Movie Review: Charlie Wilson's War.
Much like The Departed (reviewed here: http://lawreligionculturereview.blogspot.com/search?q=the+departed and then scroll down below this post), Charlie Wilson's War's promise emanates from its assembly of stars.
Tom Hanks, Phillip Seymour Hoffman and Julia Roberts supply the acting chops. Aaron Sorkin brings the writing credibility. And Mike Nichols furnishes the directing skill.
With all these luminaries, it's a "can't miss", right? Not exactly.
While the movie hits a target, it doesn't quite pierce the bulls-eye. Based on a true episode, it offers the story of a Texas Congressman who uses his power over the nation's purse to fund Afghans' resistance to Soviets' occupation of their country in the 1980s. The movie never really explains Wilson's (Tom Hanks) transformation from the go-along, get-along insignificant Congressman to a engaged, effective, transformative one. While there is a quick shot of Wilson at a refugee camp, it's doubtful that this singular event changed Wilson's motives, message and methods, although plausible.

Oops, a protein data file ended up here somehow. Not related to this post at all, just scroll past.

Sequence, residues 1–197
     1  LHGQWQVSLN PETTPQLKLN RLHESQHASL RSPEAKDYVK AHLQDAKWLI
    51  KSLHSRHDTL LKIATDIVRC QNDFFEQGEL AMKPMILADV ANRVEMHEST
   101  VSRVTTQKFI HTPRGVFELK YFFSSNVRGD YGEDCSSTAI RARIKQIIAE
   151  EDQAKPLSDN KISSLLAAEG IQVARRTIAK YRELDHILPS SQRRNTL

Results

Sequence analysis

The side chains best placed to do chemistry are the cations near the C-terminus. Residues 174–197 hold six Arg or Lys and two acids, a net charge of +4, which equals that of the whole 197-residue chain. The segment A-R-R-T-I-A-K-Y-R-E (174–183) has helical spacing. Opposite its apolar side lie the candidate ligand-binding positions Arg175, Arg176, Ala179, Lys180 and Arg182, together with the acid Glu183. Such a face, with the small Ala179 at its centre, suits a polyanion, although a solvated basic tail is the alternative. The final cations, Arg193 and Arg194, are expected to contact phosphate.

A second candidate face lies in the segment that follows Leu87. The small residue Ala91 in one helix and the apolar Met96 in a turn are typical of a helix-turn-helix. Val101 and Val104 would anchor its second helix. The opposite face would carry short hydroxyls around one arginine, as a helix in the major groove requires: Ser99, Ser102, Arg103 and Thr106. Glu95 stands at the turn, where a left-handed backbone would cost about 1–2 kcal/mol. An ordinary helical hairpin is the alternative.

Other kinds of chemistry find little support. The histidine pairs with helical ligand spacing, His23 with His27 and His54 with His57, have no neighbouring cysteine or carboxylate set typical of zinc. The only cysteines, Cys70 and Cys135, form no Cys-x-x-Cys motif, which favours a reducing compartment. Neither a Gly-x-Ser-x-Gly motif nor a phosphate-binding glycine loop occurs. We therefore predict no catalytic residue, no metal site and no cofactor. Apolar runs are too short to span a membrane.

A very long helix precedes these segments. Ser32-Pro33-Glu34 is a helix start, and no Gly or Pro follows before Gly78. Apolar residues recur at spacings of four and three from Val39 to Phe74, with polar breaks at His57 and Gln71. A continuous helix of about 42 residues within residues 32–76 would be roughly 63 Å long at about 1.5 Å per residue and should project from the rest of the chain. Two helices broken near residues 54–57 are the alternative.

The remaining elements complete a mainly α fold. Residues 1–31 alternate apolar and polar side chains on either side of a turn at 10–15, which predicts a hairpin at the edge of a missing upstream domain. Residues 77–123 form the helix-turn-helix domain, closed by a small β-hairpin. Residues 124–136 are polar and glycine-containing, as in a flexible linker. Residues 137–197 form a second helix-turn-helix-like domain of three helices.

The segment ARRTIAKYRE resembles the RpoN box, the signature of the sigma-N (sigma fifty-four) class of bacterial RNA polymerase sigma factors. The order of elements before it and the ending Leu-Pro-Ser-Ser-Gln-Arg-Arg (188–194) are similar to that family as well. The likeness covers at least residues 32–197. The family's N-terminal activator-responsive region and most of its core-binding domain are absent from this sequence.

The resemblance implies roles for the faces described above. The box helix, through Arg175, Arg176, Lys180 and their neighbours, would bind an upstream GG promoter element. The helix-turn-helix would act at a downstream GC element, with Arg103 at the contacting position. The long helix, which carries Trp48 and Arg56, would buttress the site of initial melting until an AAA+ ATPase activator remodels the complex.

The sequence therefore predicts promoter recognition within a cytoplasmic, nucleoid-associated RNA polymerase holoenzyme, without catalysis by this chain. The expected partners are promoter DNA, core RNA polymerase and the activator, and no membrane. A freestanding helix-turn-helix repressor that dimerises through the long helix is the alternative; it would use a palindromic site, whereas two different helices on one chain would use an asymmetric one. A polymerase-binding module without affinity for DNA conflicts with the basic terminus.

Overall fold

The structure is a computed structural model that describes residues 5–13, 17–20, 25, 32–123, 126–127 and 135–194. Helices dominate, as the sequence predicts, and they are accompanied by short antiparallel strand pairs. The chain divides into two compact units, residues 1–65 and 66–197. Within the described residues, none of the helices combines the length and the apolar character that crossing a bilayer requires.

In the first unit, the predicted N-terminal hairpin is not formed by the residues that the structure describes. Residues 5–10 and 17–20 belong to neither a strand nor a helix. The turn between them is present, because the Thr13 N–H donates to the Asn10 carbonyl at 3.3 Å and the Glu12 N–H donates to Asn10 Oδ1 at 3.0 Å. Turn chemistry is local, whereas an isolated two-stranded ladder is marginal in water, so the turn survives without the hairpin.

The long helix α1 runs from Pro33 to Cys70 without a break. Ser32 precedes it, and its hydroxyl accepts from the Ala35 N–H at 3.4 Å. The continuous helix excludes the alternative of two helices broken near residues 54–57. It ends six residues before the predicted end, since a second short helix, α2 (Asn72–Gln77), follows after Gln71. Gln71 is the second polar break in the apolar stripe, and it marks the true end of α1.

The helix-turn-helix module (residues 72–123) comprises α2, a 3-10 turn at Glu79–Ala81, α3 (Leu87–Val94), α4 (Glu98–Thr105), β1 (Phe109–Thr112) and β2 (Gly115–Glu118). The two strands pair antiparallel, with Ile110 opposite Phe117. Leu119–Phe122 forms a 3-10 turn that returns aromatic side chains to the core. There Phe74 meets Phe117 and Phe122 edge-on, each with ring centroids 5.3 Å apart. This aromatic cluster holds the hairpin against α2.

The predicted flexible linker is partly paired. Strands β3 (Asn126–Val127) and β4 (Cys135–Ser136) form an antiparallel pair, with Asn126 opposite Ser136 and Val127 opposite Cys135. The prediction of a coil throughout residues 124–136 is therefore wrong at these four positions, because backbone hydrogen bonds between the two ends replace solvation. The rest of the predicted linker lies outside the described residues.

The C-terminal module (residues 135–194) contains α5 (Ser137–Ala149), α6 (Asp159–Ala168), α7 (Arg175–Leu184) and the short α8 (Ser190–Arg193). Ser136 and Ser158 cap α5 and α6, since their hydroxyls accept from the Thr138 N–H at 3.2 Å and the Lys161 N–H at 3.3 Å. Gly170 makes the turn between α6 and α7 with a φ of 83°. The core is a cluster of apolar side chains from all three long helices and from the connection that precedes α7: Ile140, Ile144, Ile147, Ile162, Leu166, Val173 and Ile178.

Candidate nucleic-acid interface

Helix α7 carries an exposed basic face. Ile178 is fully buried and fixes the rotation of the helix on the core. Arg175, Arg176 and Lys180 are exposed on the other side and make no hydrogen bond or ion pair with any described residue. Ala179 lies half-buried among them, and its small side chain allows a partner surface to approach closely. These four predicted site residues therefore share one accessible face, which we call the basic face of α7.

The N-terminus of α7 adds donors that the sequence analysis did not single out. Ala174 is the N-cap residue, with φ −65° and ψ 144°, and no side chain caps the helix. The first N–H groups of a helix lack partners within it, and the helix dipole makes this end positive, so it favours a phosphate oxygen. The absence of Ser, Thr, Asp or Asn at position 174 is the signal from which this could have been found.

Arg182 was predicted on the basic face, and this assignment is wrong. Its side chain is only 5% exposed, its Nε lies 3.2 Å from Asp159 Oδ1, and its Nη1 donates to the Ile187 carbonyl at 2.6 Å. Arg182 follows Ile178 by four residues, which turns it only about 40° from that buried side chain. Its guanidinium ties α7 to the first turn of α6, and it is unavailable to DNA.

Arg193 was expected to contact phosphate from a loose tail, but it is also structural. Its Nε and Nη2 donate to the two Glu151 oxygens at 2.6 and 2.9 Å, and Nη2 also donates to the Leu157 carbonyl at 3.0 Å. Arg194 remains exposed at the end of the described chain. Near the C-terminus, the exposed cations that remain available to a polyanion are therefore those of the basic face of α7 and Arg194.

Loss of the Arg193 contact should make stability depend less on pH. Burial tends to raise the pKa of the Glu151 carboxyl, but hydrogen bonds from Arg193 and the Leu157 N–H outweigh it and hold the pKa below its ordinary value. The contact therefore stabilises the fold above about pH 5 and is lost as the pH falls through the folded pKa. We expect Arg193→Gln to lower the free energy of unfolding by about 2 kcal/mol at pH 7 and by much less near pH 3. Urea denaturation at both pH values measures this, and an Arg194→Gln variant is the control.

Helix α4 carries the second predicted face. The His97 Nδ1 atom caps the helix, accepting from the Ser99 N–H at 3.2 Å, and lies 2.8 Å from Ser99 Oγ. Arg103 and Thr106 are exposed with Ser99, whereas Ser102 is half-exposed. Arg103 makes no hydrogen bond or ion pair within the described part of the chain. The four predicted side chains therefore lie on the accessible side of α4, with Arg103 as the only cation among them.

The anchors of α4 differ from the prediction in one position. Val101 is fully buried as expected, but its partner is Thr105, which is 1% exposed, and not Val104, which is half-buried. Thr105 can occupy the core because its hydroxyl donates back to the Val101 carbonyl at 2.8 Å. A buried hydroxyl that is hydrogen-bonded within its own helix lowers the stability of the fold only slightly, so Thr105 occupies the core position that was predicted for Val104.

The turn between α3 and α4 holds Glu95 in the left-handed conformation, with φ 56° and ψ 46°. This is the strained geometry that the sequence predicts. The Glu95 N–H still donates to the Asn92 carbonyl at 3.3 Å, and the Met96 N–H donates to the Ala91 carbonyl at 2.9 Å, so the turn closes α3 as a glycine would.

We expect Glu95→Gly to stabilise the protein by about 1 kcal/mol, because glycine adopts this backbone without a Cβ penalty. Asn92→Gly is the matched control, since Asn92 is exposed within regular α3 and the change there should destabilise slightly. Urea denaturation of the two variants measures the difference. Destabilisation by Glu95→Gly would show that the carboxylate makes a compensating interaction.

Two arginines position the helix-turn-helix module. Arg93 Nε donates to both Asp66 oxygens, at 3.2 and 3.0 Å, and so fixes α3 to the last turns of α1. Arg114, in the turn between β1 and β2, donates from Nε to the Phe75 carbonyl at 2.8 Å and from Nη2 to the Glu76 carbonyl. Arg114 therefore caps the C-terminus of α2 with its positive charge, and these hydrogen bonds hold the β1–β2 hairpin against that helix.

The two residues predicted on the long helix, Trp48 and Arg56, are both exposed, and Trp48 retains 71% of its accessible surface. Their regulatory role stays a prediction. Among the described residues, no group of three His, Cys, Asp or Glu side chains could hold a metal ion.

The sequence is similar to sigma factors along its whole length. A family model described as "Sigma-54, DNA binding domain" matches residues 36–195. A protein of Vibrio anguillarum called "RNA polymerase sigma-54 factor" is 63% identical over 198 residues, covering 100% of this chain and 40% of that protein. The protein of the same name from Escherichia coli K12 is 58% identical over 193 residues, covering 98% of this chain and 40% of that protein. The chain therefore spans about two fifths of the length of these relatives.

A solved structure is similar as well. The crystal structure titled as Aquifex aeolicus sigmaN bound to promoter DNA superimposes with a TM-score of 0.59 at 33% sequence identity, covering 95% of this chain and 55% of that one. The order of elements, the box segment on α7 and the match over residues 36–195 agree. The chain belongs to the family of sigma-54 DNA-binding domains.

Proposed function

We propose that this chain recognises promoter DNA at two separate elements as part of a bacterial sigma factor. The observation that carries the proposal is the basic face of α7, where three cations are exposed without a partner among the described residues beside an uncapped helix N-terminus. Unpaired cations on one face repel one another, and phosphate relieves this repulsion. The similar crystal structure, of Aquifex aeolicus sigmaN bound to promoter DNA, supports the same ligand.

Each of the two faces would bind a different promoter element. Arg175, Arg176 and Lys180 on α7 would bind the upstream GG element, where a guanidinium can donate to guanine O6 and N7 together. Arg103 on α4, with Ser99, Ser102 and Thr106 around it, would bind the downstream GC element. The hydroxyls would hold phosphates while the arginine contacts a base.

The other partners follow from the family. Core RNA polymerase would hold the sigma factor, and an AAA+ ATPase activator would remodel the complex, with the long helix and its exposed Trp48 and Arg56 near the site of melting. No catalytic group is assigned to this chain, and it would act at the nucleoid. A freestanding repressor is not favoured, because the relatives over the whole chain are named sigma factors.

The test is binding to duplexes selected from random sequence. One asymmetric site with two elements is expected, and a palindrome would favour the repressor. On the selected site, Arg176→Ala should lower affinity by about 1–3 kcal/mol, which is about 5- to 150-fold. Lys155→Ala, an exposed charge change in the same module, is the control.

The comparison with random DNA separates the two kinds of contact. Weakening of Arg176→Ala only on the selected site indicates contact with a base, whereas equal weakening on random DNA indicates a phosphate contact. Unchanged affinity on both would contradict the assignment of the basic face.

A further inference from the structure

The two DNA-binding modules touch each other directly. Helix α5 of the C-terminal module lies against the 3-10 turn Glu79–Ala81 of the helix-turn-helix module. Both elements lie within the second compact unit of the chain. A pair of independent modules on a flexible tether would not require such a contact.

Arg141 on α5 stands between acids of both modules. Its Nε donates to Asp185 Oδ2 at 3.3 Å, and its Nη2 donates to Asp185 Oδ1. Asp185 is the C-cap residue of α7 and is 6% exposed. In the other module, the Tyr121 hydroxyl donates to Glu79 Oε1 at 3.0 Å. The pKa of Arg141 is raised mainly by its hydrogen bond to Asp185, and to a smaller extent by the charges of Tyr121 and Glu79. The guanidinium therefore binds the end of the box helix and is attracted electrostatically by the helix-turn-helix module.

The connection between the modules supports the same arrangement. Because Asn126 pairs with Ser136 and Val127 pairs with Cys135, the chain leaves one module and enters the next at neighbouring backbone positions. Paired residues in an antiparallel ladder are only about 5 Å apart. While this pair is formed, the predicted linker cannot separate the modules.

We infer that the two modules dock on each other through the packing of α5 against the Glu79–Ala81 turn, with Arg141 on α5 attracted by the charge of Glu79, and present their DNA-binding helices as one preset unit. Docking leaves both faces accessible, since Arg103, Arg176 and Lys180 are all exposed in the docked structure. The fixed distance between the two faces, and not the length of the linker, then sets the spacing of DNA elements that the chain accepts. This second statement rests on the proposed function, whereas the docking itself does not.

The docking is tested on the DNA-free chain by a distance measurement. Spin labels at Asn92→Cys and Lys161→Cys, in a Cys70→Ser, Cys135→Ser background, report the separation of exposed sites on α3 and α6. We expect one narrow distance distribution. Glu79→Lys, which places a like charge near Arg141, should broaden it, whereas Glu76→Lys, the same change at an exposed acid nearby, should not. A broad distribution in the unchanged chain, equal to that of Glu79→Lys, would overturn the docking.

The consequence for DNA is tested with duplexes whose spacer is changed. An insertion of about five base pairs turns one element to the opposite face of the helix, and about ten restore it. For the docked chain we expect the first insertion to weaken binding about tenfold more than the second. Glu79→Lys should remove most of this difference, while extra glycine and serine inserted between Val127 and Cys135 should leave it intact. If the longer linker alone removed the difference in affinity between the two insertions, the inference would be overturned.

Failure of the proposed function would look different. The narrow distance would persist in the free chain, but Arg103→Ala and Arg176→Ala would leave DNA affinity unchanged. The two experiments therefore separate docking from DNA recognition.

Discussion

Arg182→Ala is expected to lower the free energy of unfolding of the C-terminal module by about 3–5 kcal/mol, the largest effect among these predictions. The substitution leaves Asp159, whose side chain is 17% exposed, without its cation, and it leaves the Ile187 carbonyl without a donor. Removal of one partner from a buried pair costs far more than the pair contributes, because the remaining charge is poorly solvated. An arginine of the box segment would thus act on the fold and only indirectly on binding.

Also, while the movie lauds Wilson as a warts-and-all type hero, I am not sure that Wilson is even a hero. He essentially spent other people's money in hidden appropriation bills (increasing military funding for Afghan rebels from five million to $500 million), even confessing that what he did came dangerously close to violating the Logan Act. Moreover, the movie's epilogue basically admits that arming these folks against one enemy ultimately backfired against the United States.
The movie also displays Sorkin's trademarked witty dialogue, but I actually thought it would be more pervasive. Hoffman's character supplies most of it, depending heavily on a comic use of profanity.
Nichols' direction serves as an exemplar for brevity. The film concludes under one hour and 40 minutes and moves briskly. However, I thought the Afghanistan battle scenes look rather inexpensive, especially given its $70 million budget. For example, the movie employs a fade-to- fire effect that's simply a fade-to-black with a lighter hue.
Charlie Wilson's War earns a B+.